Spring is the season that arrives seemingly overnight. A morning's blue skies overcast to a grey afternoon, and are then overtaken as rain wins the battle with winter. Spoils of the febricitous war are seen at the earth's next go-round; the sun's path lights a different hue. The loser will gallantly attempt straggling skirmishes, gaining ground back...a Blackberry Winter reigning for a day, maybe two.
This morning was gorgeous. Not a cloud in sight. No skirmish on the horizon. By mid-morning, dreary soldiers had marched over the mountain range. And, on my commute home from work, the impacts of the afternoon altercation were clear to my seeking eyes...searching for signs of change. The foothills spread out in a welcoming carpet of glorious green.
This kind of richness comes only once a year. Only now, in spring. New grass sprouts are sweet in their youth, too sweet in fact, candy coated. Spring grass is dangerous. This is the kind of pasture that beckons horses and cows to indulge fully. The meadows call with invitations to roll in verdant luxuriance, the equivalent of our silk sheets, I suppose. Although, I have never felt the latter upon my skin, and much prefer the former. This is the kind of grass that causes bloat and colic at the cream of the field's first fruits; it, being too much for wintered bellies used to dry grass. Imagine eating a German Chocolate Cake, and entire German Chocolate Cake, after a month's fasting. You would bloat too.
I read today an article about my Second Brain, from a link off of Gluten-Free Goddess's Blog. Often, it functions as my first, that is, my Gut directs my actions and controls my life more than I want it to, and more than my Reason can control.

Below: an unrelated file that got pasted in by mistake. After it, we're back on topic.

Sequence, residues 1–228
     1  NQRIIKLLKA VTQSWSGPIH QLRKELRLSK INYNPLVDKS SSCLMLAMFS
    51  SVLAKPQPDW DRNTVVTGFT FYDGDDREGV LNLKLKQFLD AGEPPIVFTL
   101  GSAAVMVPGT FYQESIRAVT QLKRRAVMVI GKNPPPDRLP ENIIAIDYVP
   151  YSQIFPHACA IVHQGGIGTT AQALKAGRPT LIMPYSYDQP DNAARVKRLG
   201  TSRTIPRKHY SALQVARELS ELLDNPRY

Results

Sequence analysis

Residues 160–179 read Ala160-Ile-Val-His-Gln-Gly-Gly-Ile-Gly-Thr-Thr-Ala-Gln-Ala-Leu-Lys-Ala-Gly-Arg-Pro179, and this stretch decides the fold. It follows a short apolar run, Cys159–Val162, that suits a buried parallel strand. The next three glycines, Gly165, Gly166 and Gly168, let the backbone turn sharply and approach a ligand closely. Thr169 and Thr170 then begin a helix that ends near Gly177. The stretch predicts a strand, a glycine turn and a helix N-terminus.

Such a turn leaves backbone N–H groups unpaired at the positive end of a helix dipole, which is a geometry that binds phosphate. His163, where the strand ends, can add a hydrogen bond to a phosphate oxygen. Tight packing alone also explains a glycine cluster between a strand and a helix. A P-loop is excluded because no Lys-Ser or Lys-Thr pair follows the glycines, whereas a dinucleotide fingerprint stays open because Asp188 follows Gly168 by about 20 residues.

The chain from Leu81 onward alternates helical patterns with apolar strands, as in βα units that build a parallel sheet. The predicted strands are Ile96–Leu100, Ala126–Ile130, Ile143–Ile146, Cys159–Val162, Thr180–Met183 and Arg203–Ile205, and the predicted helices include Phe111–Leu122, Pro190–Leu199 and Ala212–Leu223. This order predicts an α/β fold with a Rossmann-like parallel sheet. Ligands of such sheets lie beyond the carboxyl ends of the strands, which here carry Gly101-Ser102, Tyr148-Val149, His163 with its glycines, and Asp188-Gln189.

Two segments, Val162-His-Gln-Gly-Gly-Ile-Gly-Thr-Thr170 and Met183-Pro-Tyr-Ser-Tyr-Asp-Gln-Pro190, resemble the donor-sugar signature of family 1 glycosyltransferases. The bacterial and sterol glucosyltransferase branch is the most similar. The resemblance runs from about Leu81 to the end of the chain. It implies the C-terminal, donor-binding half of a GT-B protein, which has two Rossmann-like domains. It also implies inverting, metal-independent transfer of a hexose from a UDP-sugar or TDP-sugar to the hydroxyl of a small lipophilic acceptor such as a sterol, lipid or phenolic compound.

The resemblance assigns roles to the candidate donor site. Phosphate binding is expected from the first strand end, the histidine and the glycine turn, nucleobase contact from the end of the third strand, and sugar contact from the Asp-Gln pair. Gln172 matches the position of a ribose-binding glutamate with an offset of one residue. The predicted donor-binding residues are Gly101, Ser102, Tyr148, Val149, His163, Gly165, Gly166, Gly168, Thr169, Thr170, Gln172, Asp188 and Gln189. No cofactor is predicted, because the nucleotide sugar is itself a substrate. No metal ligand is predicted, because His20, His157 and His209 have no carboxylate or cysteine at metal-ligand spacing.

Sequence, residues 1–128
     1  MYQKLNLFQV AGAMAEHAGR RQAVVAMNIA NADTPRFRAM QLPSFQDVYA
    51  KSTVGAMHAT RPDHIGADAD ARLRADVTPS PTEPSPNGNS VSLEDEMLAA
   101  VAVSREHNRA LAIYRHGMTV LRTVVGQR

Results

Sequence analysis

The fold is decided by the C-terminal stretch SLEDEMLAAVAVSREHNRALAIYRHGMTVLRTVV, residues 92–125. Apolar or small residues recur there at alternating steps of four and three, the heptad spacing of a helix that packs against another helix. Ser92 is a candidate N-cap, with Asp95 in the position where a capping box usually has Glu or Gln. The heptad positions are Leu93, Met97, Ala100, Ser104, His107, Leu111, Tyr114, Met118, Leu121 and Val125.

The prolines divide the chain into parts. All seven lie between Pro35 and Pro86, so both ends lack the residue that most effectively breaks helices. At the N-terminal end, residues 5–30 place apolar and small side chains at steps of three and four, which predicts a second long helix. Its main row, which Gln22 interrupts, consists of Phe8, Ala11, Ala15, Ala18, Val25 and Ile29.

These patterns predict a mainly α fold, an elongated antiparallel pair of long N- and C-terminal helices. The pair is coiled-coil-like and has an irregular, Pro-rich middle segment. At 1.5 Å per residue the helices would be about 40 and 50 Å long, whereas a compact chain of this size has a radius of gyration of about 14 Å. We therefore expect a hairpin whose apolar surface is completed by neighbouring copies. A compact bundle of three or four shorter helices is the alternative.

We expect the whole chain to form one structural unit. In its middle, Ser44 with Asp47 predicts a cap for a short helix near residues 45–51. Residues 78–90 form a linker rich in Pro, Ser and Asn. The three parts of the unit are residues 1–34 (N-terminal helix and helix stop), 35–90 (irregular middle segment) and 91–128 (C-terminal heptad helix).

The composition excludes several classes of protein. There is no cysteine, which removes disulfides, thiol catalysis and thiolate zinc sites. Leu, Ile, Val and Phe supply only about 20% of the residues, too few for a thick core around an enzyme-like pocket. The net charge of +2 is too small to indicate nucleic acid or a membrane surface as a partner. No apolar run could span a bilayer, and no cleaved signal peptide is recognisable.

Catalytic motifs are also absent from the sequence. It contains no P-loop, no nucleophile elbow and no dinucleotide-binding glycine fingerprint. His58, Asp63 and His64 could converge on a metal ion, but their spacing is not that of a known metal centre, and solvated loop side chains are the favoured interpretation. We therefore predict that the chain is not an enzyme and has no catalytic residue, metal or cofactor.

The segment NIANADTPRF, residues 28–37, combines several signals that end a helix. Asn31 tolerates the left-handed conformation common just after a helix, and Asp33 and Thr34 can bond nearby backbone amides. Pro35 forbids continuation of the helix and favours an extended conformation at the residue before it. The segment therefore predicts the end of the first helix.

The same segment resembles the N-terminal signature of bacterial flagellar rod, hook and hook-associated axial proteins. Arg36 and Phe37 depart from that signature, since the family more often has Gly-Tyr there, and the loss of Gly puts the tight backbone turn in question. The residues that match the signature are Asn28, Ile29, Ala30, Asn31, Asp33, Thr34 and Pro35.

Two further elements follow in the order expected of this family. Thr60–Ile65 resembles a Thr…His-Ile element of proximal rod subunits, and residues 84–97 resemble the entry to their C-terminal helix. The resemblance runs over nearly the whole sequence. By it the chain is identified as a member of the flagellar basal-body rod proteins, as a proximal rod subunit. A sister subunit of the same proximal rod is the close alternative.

If the Mind controls the Gut (think about being nervous and getting a "butterfly" stomach, as stated in the article), does it not also seem logical to follow that the Gut can control the Mind? I know, I have experiential proof from the years leading to my divorce, that a mind in torment, results in digestive hell. I also know, with every day's passing, that the State of my Gut, impacts my Mind. "Impact" is too weak a word --- my gut controls my mind.
I have never been able to fully explain how mentally exhausting it is just trying to feed myself. Or, how much anxiety fills every spoon I lift to my lips. I know what is coming. I anticipate the control. I know that I will very likely be contorted, bending to the will of this lower brain.
This morning on my bus-ride, I read this:"We all try to accept with some sort of submission our afflictions when they actually arrive. But the prayer in Gethsemane shows that the preceding anxiety is equally God's will and equally part of our human destiny" (C.S. Lewis, Letters to Malcom).
I feel my faith, and the beauty of God, in sorrow. I do not feel "joy" in belief. This, perhaps, my destiny?...to feel my anxiety not as a defect, but rather as my share in The Passion (Lewis, 62), for, there was surely anxiety present before those thorns as well.
And now, to dinner. To eating and anxiety...and turmeric root. This smaller and darker relative of ginger is delightful in its root form. As a ground spice, it is just another pretty-faced jar. But the root? The root gives character. The root gives stability to dinner. And, this root leaves a kissable trace.
I have been sprouting Mung Beans for a few days now, and this morning their tails told me they were ready, their length complete.
~ Dinner for My Other Brain ~
Sprouted mung beans
Sautéed turmeric & ginger root
Freshly cracked mixed peppercorns